Saturday, January 26, 2013

Thinking at a Walking Pace

by Drew Martin
In the early 1990's my friend's car broke down on a road trip in northern California, so we were stuck in Berkeley for a week while the engine was being fixed. I passed the days walking around. One morning, I came across a schizophrenic homeless man who was talking to a spaceship in the sky through a telephone receiver, cut at the cord. My thought at the time was not that the man was crazy but that one day people would be walking around talking into mobile phone devices, and this act which seemed absurd would be common.

There is a great interview in Inter
view (February 2013) with the sculptor Charles Ray, by the writer Will Self. Part of their conversation focuses on my prescient reaction to the man chatting with his mothership. Self writes,

I remember flying to Sweden in the '90s, before there were handsfree sets for cell phones in England. I landed in the airport in Stockholm and saw these middle-aged businessmen wandering around the terminal talking to themselves. I couldn't even see a cell phone. I thought, "This is schizophrenia. It's a form of electronically produced schizophrenia."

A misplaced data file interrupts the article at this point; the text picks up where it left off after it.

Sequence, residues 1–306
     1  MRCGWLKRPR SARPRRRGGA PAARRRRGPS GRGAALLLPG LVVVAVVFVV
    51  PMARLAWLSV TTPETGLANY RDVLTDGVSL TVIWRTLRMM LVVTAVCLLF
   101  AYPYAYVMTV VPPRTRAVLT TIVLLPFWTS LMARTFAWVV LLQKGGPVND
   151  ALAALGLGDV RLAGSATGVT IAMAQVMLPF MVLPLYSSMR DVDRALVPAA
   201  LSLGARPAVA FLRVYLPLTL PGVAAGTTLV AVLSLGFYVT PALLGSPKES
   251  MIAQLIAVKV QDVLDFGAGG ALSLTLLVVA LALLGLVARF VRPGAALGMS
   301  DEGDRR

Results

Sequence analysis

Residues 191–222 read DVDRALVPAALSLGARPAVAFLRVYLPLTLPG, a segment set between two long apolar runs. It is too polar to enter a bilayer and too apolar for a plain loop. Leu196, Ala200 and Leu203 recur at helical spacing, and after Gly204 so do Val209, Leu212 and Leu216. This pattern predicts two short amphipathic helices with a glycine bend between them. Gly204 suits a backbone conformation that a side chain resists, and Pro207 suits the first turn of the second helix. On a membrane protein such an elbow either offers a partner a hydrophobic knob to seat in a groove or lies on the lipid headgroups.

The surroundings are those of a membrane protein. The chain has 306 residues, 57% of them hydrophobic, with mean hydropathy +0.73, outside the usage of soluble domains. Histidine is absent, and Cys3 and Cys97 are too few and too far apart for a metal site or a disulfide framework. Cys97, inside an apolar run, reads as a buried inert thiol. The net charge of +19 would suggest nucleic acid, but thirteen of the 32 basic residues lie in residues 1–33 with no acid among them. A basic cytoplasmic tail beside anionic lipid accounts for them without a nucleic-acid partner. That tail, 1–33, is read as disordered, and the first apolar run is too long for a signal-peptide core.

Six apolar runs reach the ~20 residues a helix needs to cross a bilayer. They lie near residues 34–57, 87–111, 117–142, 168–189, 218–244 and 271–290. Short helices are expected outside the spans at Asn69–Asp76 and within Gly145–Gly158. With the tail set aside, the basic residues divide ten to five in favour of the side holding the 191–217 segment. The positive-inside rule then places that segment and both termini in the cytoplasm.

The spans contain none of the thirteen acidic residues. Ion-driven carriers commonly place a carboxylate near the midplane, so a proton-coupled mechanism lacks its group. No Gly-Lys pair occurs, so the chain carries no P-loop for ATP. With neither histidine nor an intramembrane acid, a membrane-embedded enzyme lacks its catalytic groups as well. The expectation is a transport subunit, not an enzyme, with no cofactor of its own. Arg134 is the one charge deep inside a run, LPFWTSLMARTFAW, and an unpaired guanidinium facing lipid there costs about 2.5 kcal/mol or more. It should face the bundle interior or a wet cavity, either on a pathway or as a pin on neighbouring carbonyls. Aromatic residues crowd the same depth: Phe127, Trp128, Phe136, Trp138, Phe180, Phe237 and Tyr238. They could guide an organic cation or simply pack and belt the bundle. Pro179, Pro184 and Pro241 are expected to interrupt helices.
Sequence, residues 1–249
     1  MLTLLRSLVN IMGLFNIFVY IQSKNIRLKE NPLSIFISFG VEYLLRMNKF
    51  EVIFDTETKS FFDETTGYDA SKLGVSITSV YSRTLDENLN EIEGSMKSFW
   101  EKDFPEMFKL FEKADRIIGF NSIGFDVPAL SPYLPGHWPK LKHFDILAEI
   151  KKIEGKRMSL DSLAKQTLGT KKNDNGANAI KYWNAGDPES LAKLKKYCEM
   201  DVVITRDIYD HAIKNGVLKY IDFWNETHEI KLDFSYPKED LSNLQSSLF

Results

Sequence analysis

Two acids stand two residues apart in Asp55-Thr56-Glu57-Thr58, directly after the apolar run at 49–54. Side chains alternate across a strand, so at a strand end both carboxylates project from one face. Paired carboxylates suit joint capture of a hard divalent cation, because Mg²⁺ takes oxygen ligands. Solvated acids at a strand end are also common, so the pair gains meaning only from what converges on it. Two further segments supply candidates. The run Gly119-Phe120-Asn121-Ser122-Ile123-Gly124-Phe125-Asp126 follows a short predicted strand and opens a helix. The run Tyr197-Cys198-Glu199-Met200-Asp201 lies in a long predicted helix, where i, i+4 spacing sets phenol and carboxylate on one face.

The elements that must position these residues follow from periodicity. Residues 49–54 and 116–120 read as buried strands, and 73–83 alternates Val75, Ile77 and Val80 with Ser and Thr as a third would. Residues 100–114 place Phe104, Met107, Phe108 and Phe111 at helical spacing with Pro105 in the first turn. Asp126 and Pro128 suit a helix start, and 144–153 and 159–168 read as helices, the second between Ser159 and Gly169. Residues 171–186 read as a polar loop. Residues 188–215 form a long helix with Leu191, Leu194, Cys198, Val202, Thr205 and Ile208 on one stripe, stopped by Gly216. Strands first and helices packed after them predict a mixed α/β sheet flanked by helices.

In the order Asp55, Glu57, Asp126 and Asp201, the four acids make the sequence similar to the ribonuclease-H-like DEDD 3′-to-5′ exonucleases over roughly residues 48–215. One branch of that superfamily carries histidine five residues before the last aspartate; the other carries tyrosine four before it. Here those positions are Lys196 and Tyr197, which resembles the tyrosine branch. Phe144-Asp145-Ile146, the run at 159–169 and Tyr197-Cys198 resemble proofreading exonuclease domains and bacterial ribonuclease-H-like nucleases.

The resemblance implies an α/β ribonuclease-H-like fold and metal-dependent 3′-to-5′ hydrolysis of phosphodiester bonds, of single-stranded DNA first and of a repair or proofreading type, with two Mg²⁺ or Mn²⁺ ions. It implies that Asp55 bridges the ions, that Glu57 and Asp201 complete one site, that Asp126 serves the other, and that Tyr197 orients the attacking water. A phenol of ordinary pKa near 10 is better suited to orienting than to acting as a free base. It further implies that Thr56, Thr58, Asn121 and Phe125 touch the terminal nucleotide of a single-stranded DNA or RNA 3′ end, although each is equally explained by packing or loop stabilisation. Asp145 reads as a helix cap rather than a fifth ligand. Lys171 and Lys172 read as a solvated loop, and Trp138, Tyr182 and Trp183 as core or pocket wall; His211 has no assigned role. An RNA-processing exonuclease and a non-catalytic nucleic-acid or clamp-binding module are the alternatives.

Ray and Self are big walkers. The first time I encountered Self was in an article (that I read while walking to another town) about how he flies into big cities and walks from the airport to the center, i.e. JFK airport to Times Square. Much of their interview is about walking. Self recalls a line from Rousseau's Reveries of the Solitary Walker, "We think at a walking pace." I like this a lot because there is movement to thought. Thought standing still is meditation. Thoughts racing, are just that. But our meandering thoughts do have a pace to them that share a tempo of a decent walk.

Pictured here is Sleeping Woman (2012) by Charles Ray.